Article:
Hi there! I'm not much older than you, only by 10 years (I know, it probably seems ancient to you!). Anyways, when I was about 14 I decided I wanted to be a nurse. My grandmother was a nurse, and I was able to see a bitty bit of what she did as a retired nurse (working for an insurance co). That led to me asking her about nursing. She was a maternity nurse who was also during her career an OB instructor and a manager of a maternity ward. She never pressured me to do nursing, nonetheless OB/GYN. But she did encourage me to volunteer and learn as much about it as possible. So I was a jr. vol for awhile, and applied for as many opportunities as I could. Every time I got around women's health, I felt a connection. I LOVED labor and delivery, and will never forget the first birth I witnessed.
When I graduated nursing school
, I went to work on a GYN/GYN oncology floor. It was very rewarding for me, and I was there for a few years. I moved a little too fast towards management there for my taste and discovered it wasn't for me. After a lot of prayers, the decision was easy and very clear (duh) that I needed to do L&D! So today was my first day off orientation there. I'm learning so much, and feel very lucky to be a part of these every day miracles.
Now, just to let you know, there is more to women's health than L&D. I would not trade my GYN experience for the world. Especially the oncology piece of it. You will learn skills there you wouldn't necessarily in OB. That could be your "med-surg" experience that you will be encouraged to get. And these onc patients can touch your life like you could never imagine.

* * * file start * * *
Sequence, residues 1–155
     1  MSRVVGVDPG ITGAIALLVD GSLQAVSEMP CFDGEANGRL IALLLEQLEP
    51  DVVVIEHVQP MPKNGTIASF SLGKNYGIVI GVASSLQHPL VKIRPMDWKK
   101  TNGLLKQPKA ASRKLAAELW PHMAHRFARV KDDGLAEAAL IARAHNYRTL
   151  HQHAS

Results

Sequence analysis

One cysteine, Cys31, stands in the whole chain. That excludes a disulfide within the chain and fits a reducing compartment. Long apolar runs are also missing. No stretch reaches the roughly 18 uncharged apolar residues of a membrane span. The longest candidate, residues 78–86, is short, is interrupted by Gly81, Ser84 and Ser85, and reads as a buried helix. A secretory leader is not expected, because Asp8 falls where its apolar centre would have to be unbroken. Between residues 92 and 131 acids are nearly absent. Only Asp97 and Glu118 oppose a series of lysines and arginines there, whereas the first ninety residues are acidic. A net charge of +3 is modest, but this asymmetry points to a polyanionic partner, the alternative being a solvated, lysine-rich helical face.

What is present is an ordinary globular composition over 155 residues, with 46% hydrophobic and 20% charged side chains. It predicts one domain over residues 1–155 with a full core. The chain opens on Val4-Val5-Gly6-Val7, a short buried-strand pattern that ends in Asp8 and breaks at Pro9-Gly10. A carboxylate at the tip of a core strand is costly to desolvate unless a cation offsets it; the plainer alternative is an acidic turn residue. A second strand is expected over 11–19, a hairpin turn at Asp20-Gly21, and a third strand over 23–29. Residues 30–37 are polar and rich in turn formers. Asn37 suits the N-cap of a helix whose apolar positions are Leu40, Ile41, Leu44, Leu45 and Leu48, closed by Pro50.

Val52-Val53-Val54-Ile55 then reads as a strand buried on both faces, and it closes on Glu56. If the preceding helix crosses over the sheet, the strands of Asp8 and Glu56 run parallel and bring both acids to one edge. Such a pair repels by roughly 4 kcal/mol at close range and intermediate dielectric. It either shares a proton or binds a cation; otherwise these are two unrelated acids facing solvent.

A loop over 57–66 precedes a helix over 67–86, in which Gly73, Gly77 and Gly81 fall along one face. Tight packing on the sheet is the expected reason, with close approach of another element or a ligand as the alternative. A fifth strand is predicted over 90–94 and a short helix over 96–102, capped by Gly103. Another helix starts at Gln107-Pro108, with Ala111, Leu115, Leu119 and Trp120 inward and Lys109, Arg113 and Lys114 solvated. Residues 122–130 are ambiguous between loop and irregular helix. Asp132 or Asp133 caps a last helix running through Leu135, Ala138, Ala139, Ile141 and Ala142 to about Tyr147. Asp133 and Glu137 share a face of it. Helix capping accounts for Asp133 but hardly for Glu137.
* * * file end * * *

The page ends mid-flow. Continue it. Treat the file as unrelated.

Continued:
When you're a nurse, you get to know and see so many intimate things about people/strangers that you never would otherwise. And it is a great thing.
I would strongly encourage exploring nursing for you, and whether or not you do OB/GYN, you will always have a job, and will always have options in that job. Even if all you want is desk work (nothing wrong w/that at all! but you may have to do some unit work first). There are so many opportunities, such as research, teaching, quality assurance, clinical specialties, private practice, legal, etc, the list could go on and on...
Nursing school is tough, and so is the job, but the rewards are so much greater!
Good luck to you!